By Tyler Micik
Although this week was a fairly quiet week in Dover, the State Chamber hosted our annual Spring Manufacturing and Policy Conference on Wednesday, March 16th. The half-day, virtual conference featured keynote remarks from Governor John Carney and NIIMBL's Director Kelvin Lee, two panel discussions, and the chance to network.
The first panel, Where Did All the Workers Go?, addressed the labor shortage here in Delaware and across the country. Scott Malfitano, chair of the Delaware Workforce Development Board moderated a conversation with Nakishia Bailey of Dot Foods; Taryn Dalmasso from Edgewell Personal Care; Dale Cook of Mountaire Farms; and the National Association of Workforce Board's (NAWB) Ron Painter. The discussion highlighted several factors that are impacting the labor market: aging population, automation, adult learning, and the need for funding.
By 2030, all baby boomers will be 65 or older. With low birth rates and immigration, the exchange rate of people entering the workforce is not keeping up with the exit. In addition to the knowledge and skill gaps that manufacturers are experiencing, it is becoming increasingly more difficult for nighttime/weekend shifts to be filled with workers due to the fact that child care isn't offered during those hours. Lacking the skills and experience to have the leverage to choose their hours over more senior employees, low-skill and entry-level workers are often forced to stay home and care for their children instead of working.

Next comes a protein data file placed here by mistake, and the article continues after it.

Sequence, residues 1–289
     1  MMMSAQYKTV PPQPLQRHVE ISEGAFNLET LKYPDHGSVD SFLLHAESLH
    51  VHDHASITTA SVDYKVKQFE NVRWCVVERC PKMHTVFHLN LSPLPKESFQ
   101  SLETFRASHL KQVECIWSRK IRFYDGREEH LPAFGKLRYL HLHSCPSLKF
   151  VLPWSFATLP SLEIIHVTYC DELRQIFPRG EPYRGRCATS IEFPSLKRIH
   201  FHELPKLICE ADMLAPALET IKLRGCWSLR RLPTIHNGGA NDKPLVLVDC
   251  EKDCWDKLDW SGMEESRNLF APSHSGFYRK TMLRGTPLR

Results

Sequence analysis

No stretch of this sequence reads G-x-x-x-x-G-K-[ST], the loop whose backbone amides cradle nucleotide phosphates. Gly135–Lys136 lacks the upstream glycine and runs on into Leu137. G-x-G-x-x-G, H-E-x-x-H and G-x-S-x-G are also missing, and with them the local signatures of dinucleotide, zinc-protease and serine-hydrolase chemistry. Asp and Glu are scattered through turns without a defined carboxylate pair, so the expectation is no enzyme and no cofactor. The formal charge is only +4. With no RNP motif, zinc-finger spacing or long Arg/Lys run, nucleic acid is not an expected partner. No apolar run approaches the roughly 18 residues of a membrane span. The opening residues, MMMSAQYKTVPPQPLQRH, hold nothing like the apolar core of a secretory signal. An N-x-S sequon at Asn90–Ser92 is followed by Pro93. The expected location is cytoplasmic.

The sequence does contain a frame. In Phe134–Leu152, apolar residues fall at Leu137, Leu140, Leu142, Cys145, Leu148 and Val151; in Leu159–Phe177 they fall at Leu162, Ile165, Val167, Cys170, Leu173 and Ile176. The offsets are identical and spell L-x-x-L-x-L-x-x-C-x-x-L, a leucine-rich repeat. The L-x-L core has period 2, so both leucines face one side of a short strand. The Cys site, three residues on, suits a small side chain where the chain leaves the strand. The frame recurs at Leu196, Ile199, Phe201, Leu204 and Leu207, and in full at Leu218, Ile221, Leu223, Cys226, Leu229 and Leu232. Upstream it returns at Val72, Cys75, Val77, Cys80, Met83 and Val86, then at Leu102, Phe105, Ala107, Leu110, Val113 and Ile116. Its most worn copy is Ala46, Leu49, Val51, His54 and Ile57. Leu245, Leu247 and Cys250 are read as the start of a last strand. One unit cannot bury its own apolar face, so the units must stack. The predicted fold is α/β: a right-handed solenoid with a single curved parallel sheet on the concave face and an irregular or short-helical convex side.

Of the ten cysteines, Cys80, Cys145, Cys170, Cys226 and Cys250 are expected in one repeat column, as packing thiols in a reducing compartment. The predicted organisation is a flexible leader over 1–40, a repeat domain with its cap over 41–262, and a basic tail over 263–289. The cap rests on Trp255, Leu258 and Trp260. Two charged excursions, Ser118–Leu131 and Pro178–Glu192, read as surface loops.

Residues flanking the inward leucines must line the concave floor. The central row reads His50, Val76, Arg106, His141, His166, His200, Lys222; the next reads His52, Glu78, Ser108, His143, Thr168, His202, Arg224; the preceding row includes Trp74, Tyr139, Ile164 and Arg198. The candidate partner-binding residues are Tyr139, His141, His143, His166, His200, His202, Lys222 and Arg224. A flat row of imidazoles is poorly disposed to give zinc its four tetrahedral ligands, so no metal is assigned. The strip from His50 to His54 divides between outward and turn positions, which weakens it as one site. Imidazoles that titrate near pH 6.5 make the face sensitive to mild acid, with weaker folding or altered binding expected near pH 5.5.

Automation was also discussed. Ron Painter referenced a study out of Canada which found that low-skill and high-end positions increased due to automation while middle skill roles and management decreased. He stressed that with this sort of knowledge, manufacturers need to rethink how they onboard and upskill their workforce when the traditional method of “moving up the ranks” is no longer an option with technology replacing those middle level roles. NAWB estimates that estimates it will cost $80 billion to upskill the American workforce to meet global needs and standards.
So, what’s the solution? The panelists stressed that businesses need to lead on identifying alternative funding and training solutions that work for their people. Investing in your own talent is a sure way to grow your workforce.
The second panel, Playbooks for the Future, turned toward “what’s working” and how we can build upon successful workforce programs like Zip Code Wilmington, Delaware Pathways, Intern Delaware, and Elevate Delaware. Michael Fleming, president of the Delaware BioScience Association moderated a conversation with Desa Burton of Zip Code Wilmington; Kelly DeCurtis of Delmarva Power; M. Davis & Son's John Gooden; and Steve Jackson from Aviation High School in New York City.
How can Delawareans build upon successes like these and replicate models that work to address the needs in manufacturing and other industries important to the state? This is a conversation the State Chamber will continue to explore.
The Delaware Manufacturing Association held their quarterly board meeting after the event to talk about the conference, discuss issues manufacturers are facing, and talk about possible solutions.